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MCSE: Windows 2000 Exams in a Nutshell by Paul Murphy, Michael Moncur

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Designing Secure Connectivity

The connections between computers in a network are a potential security vulnerability, because network data can be read on the computers it passes through. This becomes a much more serious issue when public networks, such as the Internet, are involved.

The following sections discuss some key methods of securing network connectivity:

  • Providing secure access to public networks, such as the Internet

  • Using the Internet to create virtual private networks (VPNs)

  • Using Server Message Block (SMB) signing to add security to network file sharing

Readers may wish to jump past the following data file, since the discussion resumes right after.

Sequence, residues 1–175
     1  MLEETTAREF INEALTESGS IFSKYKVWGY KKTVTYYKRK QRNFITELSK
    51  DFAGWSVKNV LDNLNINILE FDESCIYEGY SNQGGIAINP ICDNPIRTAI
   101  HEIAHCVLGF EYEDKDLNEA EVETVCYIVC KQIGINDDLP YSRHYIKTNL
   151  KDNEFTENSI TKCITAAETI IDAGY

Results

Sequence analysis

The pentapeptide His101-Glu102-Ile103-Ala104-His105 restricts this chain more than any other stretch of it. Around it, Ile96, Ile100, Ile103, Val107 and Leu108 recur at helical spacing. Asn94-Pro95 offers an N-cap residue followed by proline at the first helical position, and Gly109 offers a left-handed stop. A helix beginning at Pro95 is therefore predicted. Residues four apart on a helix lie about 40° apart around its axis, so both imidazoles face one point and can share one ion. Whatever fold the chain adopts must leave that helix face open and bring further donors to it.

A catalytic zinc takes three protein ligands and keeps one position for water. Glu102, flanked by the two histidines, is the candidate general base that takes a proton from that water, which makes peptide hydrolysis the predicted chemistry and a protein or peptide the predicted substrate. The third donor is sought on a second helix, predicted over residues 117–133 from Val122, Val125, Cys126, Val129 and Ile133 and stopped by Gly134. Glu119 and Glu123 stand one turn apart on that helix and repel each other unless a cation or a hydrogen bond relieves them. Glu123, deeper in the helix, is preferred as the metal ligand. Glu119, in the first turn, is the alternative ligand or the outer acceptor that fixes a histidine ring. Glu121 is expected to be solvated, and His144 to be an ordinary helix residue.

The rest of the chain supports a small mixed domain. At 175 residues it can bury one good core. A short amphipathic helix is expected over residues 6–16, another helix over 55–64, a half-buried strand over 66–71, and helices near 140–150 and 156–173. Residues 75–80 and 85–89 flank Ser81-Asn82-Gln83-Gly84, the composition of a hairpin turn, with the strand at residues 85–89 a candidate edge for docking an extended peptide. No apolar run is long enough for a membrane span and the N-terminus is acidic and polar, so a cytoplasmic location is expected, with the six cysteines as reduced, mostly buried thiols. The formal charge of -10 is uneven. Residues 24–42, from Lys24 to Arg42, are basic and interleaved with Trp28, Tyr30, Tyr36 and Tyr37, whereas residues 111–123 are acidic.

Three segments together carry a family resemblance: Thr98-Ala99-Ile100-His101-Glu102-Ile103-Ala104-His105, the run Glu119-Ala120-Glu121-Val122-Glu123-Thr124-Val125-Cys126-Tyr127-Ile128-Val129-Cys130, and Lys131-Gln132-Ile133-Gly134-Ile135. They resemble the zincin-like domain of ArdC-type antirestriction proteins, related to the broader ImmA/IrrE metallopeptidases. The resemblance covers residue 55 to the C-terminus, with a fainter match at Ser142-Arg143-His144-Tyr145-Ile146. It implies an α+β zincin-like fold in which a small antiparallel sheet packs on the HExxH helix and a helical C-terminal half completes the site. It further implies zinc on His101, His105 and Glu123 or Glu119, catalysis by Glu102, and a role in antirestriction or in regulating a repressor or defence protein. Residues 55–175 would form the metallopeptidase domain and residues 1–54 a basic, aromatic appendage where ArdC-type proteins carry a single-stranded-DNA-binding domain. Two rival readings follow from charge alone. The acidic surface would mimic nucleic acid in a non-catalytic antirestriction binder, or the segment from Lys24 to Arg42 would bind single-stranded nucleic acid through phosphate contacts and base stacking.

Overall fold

Securing Public Network Access

The simplest method of providing a network with connectivity to the Internet is to assign a public IP address to each computer on the network and use a router to provide all computers with connectivity to the network. This works, but has several disadvantages:

  • A limited number of public IP addresses are available, and you may not be able to obtain enough for all of the computers on the network.

  • All computers are accessible by anyone on the Internet, providing infinite possibilities for security problems.

  • There is no way to control which local resources can be accessed from the Internet or which Internet resources can be accessed.

The solution to these problems is to use a separate internal IP addressing scheme and use a translation system or a proxy server to provide connectivity between public and private networks. Windows 2000 provides two methods of accomplishing this:

NAT (Network Address Translation) ...

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